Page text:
Saving the Subway from Superstorm Sandy
I’m Klaus Jacob. My official title here at the Lamont-Doherty Earth Observatory of Columbia University is a special research scientist. I have been retired since 2001 and enjoy the activity freedom that this gives me, and I’m still running!
I’m a geophysicist, meaning I mostly focused on the solid Earth, and in particular on earthquakes, for about 35 years or so. I have been in this place since 1968. I actually came only one year for a postdoc, and it has been a long year, and a long postdoc!
Some people in the climate arena listened to a talk that I gave at the Earth Institute at Columbia University and they said, “You know, it would be very interesting if you could do the same kind of risk analysis, quantitatively, for climate events such as hurricanes, storms, flood events, rain events, and so on.”
I said, “I’m not sure I can do it, but I can try!” That was around 2000, and ever since, I have worked mostly with people from NASA GISS—the Goddard Institute for Space Studies—but also Columbia-affiliated people elsewhere, to really get a handle on what is at risk in New York City and the larger metropolitan area, not just the city itself.
What does all this earthquake stuff have to do with climate change and sea level rise? Well, we learned how to quantitatively make probabilistic forecasts with all the tools that seismology and earthquake engineering have in its toolkit. Those were never used in the flooding realm in the same sound, scientific way. FEMA hired some very down-to-earth consulting firms to do their hundred-year flood maps, but nobody really ever thought that a hundred year average occurrence—or the one-percent-per-year chance—is actually a reasonable, socially acceptable risk level at which you should either design, build, or insure.
It turns out in retrospect it was a big mistake, and this whole nation is still suffering from it. We have just seen it again a few days ago in Louisiana, where tens of thousands of people lost their homes, one hundred thousand people had to leave their homes. Of course, closer to home, in New York City, we saw the same during Sandy and in other places; we have seen it with Katrina in New Orleans, and you name it.
We didn’t know that Sandy would come, but we took a generic hundred-year storm and said, regardless of the meteorological details, “This is what we assume. What will happen?” And that was the question we asked.
In particular, it became very clear early on in our investigations what the impact of such a storm would be: that the Achilles’ heel of New York City is its infrastructure, and particularly the subway system is probably the most important one for the life of New York City to function—almost more important than power, water, and gas. Which sounds ridiculous, but to some extent it is simply true, because people need to get from where they live to where they work. And if that means is not available, the city won’t function.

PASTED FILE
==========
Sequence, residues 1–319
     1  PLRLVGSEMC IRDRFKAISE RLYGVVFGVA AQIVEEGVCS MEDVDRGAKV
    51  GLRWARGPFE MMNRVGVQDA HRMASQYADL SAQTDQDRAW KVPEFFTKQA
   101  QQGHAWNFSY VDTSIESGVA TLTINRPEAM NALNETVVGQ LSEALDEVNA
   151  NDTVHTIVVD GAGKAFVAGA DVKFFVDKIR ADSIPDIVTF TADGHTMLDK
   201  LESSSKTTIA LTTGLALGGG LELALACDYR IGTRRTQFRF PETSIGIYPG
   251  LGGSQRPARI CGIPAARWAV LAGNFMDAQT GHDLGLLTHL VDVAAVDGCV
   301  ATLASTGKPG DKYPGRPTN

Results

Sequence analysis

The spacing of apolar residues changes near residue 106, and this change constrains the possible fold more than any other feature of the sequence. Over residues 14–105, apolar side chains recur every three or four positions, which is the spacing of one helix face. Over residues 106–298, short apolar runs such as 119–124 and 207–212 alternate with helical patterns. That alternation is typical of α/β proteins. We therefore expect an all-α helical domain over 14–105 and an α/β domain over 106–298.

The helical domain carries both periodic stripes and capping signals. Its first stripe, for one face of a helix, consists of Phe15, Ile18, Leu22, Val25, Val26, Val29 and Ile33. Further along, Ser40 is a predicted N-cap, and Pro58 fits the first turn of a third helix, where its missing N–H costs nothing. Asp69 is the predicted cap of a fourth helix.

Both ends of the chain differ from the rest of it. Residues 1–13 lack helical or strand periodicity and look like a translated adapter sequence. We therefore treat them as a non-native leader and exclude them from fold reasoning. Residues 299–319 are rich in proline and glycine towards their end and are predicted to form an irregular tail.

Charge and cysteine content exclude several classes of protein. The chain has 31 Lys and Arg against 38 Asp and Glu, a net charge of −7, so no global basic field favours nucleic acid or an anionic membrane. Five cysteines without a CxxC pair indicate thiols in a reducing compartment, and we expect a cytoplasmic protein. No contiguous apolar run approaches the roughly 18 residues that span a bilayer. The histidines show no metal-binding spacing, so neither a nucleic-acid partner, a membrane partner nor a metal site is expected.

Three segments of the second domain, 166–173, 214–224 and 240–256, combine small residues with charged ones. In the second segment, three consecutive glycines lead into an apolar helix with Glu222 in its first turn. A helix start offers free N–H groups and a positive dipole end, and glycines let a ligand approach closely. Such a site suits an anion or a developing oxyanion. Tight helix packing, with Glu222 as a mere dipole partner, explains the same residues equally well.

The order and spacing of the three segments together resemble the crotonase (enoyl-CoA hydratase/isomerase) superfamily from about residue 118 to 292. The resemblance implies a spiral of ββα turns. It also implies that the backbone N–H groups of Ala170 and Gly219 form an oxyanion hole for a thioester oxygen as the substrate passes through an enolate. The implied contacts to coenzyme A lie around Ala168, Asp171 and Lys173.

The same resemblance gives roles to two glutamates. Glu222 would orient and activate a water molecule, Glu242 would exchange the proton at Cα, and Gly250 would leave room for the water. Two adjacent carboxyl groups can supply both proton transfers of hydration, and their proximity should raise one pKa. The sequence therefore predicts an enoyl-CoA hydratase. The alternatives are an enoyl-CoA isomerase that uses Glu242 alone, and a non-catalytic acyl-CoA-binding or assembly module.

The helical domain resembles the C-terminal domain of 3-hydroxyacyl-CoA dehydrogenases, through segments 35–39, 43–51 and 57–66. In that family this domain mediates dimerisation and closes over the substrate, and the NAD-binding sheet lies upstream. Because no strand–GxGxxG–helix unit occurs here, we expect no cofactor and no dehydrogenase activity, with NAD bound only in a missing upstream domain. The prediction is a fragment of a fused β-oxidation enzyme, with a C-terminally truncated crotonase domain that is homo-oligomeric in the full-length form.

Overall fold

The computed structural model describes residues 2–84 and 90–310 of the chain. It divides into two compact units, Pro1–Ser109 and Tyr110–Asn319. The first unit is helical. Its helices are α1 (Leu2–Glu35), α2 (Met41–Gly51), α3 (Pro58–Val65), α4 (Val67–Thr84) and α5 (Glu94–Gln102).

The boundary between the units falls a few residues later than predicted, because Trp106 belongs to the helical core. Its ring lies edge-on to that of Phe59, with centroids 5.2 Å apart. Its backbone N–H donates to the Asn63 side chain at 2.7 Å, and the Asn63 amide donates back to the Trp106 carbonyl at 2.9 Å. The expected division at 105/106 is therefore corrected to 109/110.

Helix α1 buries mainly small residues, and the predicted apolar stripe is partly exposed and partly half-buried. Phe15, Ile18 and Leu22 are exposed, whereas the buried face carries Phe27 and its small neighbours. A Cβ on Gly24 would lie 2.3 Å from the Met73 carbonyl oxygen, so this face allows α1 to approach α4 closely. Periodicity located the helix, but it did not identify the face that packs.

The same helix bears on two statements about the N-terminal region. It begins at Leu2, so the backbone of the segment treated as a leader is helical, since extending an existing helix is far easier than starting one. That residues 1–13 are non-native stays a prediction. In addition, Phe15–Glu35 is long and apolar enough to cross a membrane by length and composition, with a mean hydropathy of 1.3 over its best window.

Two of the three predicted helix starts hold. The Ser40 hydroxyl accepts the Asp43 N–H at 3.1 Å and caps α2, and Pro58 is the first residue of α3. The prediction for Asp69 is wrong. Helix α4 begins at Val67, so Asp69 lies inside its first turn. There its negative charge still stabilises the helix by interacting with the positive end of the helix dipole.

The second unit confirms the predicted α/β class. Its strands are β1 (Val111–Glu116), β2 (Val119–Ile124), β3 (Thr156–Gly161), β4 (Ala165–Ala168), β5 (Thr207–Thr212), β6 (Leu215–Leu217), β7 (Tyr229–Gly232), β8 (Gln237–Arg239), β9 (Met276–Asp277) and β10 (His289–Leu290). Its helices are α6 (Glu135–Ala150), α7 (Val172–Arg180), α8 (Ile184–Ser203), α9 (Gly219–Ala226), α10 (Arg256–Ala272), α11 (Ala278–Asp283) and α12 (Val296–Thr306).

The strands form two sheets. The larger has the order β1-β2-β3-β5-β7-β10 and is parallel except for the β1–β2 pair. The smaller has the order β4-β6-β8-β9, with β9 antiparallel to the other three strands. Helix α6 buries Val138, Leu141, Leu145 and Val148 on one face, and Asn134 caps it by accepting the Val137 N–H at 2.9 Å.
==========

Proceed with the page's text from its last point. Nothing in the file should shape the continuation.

So, knowing that, we really homed in on the subway system. We worked very closely with the Metropolitan Transit Authority, and particularly its subdivision known as the New York Transit Authority that runs the subway system and the bus lines. We got very detailed information about the geometry of the tunnels, their volume, all the access from the entrances, the shafts, the ventilation grids that you see on the sidewalk that underneath you can hear the subway rumble under your feet. But these openings are also the openings not just to air and people, they are the opening to the water when it’s on the street!
And so we got all the geometry together, made a three-dimensional model of the subway system, and let the water rise on the computer. And sure enough, to our big surprise, we found that those portions of the subway that are floodable at all would be flooded in about forty minutes. Four-Oh. Less than an hour. That means you’d better be prepared: having all the people out, having all the trains out, and maybe more.
That study was released in the summer or in the spring of 2011, which shortly thereafter was followed by a storm called Irene, and then by another storm called Lee. So when Sandy suddenly showed up on the weather radar screen, they said, “Oops, look, we have this study. How do we best prepare for it?” So they requested from the governor that they could shut down the subway system possibly as much as 48 hours before landfall, and then they sent their crews and engineers into the subway tunnels that were blue on our maps, meaning that they would flood.
They ripped out all the electrical control and signal systems. Why? Because if the salt water would get into those, they would have a huge problem. It would probably take three, four, five weeks before they would get the system back up. So to save those critical elements was absolutely essential. They took them up to the surface, the water came, they pumped out the water, they sucked out the mud, then took those signals and electrical control systems back; and after a week or ten days, depending on which line, the subway was running again.
That was absolutely phenomenal, but without us having done that very detailed study and really going with them for month after month after month when we did that study, sort of mentally through rehearsing what to do, this would not have happened.
Watch an interview with Klaus Jacob below.